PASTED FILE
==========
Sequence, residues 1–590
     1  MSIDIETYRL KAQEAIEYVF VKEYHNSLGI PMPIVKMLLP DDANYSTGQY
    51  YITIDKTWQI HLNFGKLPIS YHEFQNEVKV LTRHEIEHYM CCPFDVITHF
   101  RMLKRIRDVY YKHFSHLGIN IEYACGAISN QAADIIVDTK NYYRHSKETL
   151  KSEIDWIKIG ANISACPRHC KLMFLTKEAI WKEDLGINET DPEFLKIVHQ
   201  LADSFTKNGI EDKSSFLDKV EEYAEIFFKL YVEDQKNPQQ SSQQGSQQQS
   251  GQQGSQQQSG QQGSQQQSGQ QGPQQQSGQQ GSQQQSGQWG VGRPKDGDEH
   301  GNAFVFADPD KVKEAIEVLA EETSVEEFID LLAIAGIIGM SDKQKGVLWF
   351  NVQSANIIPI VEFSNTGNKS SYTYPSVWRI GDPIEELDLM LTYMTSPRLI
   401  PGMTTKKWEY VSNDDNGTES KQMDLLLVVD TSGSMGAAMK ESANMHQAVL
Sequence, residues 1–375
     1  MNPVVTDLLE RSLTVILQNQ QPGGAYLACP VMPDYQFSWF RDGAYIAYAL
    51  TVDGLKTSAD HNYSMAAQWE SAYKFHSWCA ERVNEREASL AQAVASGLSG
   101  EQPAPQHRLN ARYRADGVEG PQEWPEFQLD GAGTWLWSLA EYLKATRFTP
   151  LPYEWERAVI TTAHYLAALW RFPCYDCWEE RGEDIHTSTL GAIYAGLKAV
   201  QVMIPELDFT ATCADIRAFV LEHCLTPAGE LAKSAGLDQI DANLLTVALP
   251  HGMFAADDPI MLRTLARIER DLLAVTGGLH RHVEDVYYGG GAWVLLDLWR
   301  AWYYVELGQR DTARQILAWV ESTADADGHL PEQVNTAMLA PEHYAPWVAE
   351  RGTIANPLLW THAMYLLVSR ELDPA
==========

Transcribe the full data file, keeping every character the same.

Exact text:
Sequence, residues 1–590
     1  MSIDIETYRL KAQEAIEYVF VKEYHNSLGI PMPIVKMLLP DDANYSTGQY
    51  YITIDKTWQI HLNFGKLPIS YHEFQNEVKV LTRHEIEHYM CCPFDVITHF
   101  RMLKRIRDVY YKHFSHLGIN IEYACGAISN QAADIIVDTK NYYRHSKETL
   151  KSEIDWIKIG ANISACPRHC KLMFLTKEAI WKEDLGINET DPEFLKIVHQ
   201  LADSFTKNGI EDKSSFLDKV EEYAEIFFKL YVEDQKNPQQ SSQQGSQQQS
   251  GQQGSQQQSG QQGSQQQSGQ QGPQQQSGQQ GSQQQSGQWG VGRPKDGDEH
   301  GNAFVFADPD KVKEAIEVLA EETSVEEFID LLAIAGIIGM SDKQKGVLWF
   351  NVQSANIIPI VEFSNTGNKS SYTYPSVWRI GDPIEELDLM LTYMTSPRLI
   401  PGMTTKKWEY VSNDDNGTES KQMDLLLVVD TSGSMGAAMK ESANMHQAVL
Sequence, residues 1–375
     1  MNPVVTDLLE RSLTVILQNQ QPGGAYLACP VMPDYQFSWF RDGAYIAYAL
    51  TVDGLKTSAD HNYSMAAQWE SAYKFHSWCA ERVNEREASL AQAVASGLSG
   101  EQPAPQHRLN ARYRADGVEG PQEWPEFQLD GAGTWLWSLA EYLKATRFTP
   151  LPYEWERAVI TTAHYLAALW RFPCYDCWEE RGEDIHTSTL GAIYAGLKAV
   201  QVMIPELDFT ATCADIRAFV LEHCLTPAGE LAKSAGLDQI DANLLTVALP
   251  HGMFAADDPI MLRTLARIER DLLAVTGGLH RHVEDVYYGG GAWVLLDLWR
   301  AWYYVELGQR DTARQILAWV ESTADADGHL PEQVNTAMLA PEHYAPWVAE
   351  RGTIANPLLW THAMYLLVSR ELDPA